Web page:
Still if it creates the illusion of economic growth,fools the public and allows politicians to spout false positive soundbytes I can see why it exists.

  • rate this

    Comment number 12.

    We don't need technocrats to realise that increasing demand while supply is constrained will lead to a bubble! What Osborne should be doing is providing funds for more social housing to increase supply and make housing more affordable. Frankly, given how expensive housing has become I'm amazed that no party has taken the issue seriously. If anything, there must be many votes to be won?

  • rate this

    Comment number 11.

    Why help to buy? Why not offer a real alternative for those who would prefer to rent? The money for this scheme could be used to invest in social housing at reasonable rent to help those who can never aspire to owning a house in the current market. Whatever happened to the Tories' commitment to "choice"? It seems to have died a death, or not have existed, in the housing sector.

  • rate this

    Comment number 10.

    Help to buy must be the most idiotic idea anyone has come up with. It's a fudge to fix a sector that is broken from the bottom up by overly complicated and draconian planning and building rules. In the early 20th century the common man was able to build a house will minimal interference from the state, what a surprise there wasn't a housing shortage then.

  • rate this

    Comment number 9.

    we have the perfect disaster coming....a rubbish government .. a rubbish opposition in waiting....low interest rates.....high house prices...smaller deposits required....mass immigration still happening.....the idiots dont learn from history...

  • rate this

    Comment number 8.

    Nothing succeeds like success and heck this bubble is being given a kick start,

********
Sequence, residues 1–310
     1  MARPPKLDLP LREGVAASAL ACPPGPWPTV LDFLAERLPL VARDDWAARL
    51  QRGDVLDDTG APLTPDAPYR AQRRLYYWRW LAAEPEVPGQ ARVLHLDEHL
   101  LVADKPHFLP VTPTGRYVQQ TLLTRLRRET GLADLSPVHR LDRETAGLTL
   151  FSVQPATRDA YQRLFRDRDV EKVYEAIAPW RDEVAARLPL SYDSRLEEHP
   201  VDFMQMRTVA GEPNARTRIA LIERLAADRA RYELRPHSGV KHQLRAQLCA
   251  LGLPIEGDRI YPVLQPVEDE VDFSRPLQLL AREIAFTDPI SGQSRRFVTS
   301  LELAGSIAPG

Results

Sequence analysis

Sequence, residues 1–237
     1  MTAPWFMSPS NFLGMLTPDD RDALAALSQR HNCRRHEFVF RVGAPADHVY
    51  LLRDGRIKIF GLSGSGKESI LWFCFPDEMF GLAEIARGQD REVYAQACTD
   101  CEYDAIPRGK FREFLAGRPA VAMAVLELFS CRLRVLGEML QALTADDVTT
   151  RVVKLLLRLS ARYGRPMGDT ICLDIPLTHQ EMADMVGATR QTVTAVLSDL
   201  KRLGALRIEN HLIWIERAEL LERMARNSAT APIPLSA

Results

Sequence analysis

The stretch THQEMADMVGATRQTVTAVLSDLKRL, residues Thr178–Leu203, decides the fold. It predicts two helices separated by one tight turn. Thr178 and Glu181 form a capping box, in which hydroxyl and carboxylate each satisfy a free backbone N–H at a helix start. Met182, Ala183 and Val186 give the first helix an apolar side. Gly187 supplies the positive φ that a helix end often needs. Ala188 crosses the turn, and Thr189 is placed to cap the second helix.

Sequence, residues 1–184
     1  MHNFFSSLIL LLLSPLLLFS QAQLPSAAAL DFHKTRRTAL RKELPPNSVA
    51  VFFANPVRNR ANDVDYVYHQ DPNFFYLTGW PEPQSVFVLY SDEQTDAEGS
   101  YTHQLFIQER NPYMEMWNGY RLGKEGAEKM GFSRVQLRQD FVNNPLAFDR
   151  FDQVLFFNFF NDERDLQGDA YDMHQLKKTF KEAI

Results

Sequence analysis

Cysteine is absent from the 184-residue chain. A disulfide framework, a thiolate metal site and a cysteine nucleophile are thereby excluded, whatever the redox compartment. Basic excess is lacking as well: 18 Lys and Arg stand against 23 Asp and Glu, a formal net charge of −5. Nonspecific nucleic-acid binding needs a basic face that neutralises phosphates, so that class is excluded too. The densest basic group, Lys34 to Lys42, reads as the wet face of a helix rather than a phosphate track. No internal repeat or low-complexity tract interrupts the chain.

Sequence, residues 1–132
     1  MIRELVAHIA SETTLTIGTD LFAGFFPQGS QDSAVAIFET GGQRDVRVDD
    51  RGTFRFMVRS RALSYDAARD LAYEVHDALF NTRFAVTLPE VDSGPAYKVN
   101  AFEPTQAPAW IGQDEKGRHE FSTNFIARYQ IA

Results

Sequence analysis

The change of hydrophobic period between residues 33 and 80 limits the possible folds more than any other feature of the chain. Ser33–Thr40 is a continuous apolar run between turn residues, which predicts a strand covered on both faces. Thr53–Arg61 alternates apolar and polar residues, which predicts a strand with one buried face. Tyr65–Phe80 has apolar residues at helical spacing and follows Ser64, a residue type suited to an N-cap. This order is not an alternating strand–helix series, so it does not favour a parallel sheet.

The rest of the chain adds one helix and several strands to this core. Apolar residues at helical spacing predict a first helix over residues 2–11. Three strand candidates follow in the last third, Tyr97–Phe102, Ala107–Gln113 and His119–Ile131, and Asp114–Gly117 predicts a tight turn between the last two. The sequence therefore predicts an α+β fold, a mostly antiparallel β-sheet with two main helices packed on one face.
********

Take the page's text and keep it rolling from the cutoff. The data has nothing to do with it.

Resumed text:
Have we really fallen to this level where the economy is treated as bubbles in the making?

    Arguably it wouldn't matter - as long as the whole nation moves as one.
    But it is not. London is being pumped up.

    All on nothing but fanciful thinking.

    And Carney and Osborne will get plaudits.

    - - For what exactly? - -

  • rate this

    Comment number 7.

    Once again houses are seen as the financial driver by those in power.
    Not a mention of investing in SME's who make real things. And employ people with real jobs. The banksters are happier shifting bits of paper which do not a real value. Rather than helping society to have the opportunity to have a reasonable living.

  • rate this

    Comment number 6.

    how is this helping first time buyers
    to me it's just another buy to lend scheme

  • rate this

    Comment number 5.

    HTB 2 is a disaster in the making. Even the Americans are currently considering winding down Fannie and Freddie to make the US housing market mainly a private affair. WHy are we going in the opposite direction??
    I can understand why Osborne felt the need for HTB 1, but why is it a good idea to subsidise EXISTING houses?

  • rate this

    Comment number 4.

    This is a nonsense story


    "Vigilant" (as use by BoE) = they want the opposite.

    There was (in 2008) a "coup d'état" by the banks who now run the country and everything is subservient to their wishes. The people and state are total slaves to the banks.

    We must change this and do so rapidly!

    Bursting the housing bubble will create a banking crash in 2016 or so and THEY KNOW THIS.

  • rate this

    Comment number 3.

    The problem is if the market is "recovering" because of Help to Buy - which is in effect more lending - how can this be seen as a real recovery? It's just more of the same. The issues that need dealing with go years back - the regulation of lending: See more

  • rate this

    Comment number 2.

    RP: 'Which doesn't mean that it's bad economics. It is certainly plausible - and in keeping with tradition - that the career bureaucrats of the Treasury are being too fastidiously conservative.'
    But it IS just like another political party that is this week putting sticking plasters on things without thinking or proposing doing anything about the underlying cause of the problem.

  • rate this

    Comment number 1.

    ". . . how to stimulate the more general economic recovery through reviving the housing market. . . "

    you mean like America did?